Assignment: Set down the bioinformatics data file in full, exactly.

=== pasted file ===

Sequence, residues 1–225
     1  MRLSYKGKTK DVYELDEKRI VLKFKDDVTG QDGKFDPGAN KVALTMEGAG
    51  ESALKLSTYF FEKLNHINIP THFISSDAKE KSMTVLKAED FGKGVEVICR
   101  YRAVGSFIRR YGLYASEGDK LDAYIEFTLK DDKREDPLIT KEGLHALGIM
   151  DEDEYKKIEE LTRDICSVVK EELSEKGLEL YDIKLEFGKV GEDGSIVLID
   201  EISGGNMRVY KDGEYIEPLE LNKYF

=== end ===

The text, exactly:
Sequence, residues 1–225
     1  MRLSYKGKTK DVYELDEKRI VLKFKDDVTG QDGKFDPGAN KVALTMEGAG
    51  ESALKLSTYF FEKLNHINIP THFISSDAKE KSMTVLKAED FGKGVEVICR
   101  YRAVGSFIRR YGLYASEGDK LDAYIEFTLK DDKREDPLIT KEGLHALGIM
   151  DEDEYKKIEE LTRDICSVVK EELSEKGLEL YDIKLEFGKV GEDGSIVLID
   201  EISGGNMRVY KDGEYIEPLE LNKYF